Care and Feeding

Potty Training Is Driving Us Crazy

Our daughter’s school thinks it’s a great day when she doesn’t cry after peeing. Yikes!

Photo illustration of staggered legs with a training potty between the feet.
Photo illustration by Slate. Photo by Getty Images Plus.

Care and Feeding is Slate’s parenting advice column. Have a question for Care and Feeding? Email careandfeeding@slate.com or post it in the Slate Parenting Facebook group.

Dear Care and Feeding,

At the gentle encouragement of our 3 ½-year-old daughter’s day care teachers, we have been nudging her toward potty training, despite the fact that she has zero interest in it. She knows when she has to go, she can control it, and she’s interested in potty matters. But she is perfectly happy in her Pull-Ups. With an enormous amount of encouragement she has peed on the toilet maybe 15 times at day care, and a whopping one time—ever—at home. She wears underwear, but we go with Pull-Ups for naptime, bedtime, long periods away from home, and pooping.

She seems increasingly anxious about it, especially at home, where lately she doesn’t even want to sit on the potty. (We have the same seat she uses at school, and she doesn’t seem afraid of the toilet itself.) For a while, she would burst into tears after releasing at school. We now get notes from school extolling what a great day she had because she didn’t cry while peeing. I guess it’s good to celebrate any progress, but yikes! She is not generally an anxious or unhappy kid (so far!) but this is clearly just not a happy experience for her. She’s the last kid in her class not to be fully trained. Should we keep plugging away, or push back against the school’s (understandable!) pressure and wait until she shows more enthusiasm? Do we need to go cold turkey and do one of those pants-free weekends at home? (I can’t even imagine her pooping on the toilet.) Help!

—Toddler Toilet Trauma

Dear TTT,

How upsetting for all of you! Everyone with a kid who potty-trains late invariably feels like their child will still be in Pull-Ups when they vote in their first election. If your daughter is otherwise developmentally normal (and also not constipated and does not have a UTI, please go ask your pediatrician for reassurance on these points!) then it’s very likely to be Just One of Those Things, and my advice would be to press pause on the whole process for one calendar month and then try again.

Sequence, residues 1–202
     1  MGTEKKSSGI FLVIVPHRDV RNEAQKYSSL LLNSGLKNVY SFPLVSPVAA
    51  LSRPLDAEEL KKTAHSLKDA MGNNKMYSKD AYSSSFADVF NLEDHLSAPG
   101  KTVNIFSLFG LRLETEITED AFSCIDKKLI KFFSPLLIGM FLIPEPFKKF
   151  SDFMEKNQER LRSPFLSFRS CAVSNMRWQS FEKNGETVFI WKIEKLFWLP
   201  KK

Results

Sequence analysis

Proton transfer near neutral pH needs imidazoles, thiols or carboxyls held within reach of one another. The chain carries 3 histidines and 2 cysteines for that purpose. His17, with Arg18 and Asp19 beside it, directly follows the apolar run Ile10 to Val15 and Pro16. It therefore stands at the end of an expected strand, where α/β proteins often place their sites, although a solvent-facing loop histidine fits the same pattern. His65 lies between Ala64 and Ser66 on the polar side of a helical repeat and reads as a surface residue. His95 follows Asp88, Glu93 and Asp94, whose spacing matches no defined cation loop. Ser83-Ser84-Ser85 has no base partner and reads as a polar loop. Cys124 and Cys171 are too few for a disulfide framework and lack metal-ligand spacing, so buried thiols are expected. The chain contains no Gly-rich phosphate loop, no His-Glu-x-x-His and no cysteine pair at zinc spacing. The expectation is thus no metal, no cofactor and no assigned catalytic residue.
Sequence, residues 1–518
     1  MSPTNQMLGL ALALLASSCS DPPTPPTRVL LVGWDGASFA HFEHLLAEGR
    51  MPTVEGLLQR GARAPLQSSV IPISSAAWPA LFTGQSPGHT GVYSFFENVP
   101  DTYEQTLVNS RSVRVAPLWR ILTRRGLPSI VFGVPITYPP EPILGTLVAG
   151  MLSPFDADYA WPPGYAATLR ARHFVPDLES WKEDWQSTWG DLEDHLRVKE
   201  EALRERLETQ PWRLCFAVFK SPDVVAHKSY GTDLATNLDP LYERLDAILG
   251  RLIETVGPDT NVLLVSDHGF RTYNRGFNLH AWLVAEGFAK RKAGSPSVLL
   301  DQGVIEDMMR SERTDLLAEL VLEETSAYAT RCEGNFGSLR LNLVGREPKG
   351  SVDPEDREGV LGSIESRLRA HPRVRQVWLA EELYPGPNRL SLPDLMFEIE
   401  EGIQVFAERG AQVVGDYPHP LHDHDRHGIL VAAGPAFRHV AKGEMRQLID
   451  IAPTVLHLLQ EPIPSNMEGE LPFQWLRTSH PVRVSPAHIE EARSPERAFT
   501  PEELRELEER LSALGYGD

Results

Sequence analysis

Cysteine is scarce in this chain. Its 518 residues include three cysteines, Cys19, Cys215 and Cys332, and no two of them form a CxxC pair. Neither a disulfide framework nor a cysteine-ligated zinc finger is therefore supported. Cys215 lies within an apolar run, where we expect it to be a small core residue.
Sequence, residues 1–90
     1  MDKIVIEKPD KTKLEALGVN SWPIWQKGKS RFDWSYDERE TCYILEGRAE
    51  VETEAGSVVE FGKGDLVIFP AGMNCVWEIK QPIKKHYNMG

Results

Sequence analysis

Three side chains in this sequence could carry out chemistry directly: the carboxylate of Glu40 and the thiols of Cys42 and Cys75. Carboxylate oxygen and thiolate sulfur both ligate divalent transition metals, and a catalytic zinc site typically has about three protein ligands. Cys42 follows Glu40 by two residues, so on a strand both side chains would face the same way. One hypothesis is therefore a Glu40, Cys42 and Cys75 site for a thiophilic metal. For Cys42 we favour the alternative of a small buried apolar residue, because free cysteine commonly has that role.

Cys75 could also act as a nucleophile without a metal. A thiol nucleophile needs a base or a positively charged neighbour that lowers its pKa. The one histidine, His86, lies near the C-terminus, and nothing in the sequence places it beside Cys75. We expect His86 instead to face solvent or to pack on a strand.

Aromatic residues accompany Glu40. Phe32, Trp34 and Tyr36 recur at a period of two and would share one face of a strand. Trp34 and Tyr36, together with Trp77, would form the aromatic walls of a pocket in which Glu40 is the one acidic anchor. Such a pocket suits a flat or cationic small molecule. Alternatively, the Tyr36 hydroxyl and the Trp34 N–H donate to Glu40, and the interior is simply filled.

A month is an eternity to a toddler. When you go back in, the message is, “It was tricky and a little scary before, but now you’re a bigger girl!” Three and a half is late, but not SUPER late (if she were a boy, it would be even more common), and I think it’s key not to let her pick up on your own anxiety around it.

Ideally, I would like you to ask her day care teachers to support you in one more month of diapers/Pull-Ups, but if their policy is to be potty-exclusive, well, it sounds like home is a greater source of potty anxiety for her right now anyway.

When you do go back in, I think preparing for a three-day weekend of no pants and lots of fluids and M&Ms for successful potty-usage is probably a great plan. Talk to her about it in the days before, get her stoked to show off, etc. It’s going to be OK!

• If you missed Wednesday’s Care and Feeding column, read it here.

• Discuss this column in the Slate Parenting Facebook group!

Dear Care and Feeding,

My partner and I have two children, ages 8 and 11, and I am starting to question our bedtime routine. After moving to a different home several years ago, my partner and I started lying down with the kids until they fell asleep (both went to bed on their own prior to the move).

My partner and I work several jobs, and bedtime is sometimes the only bonding time we have with the kids. But as the years have passed and the kids continue to ask for us to get into bed with them, I am starting to worry. Are we setting them up to be unable to sleep alone as adults? Is this something they will look back on and this was odd? Both kids want to be holding our hand or having their back scratched in order to sleep.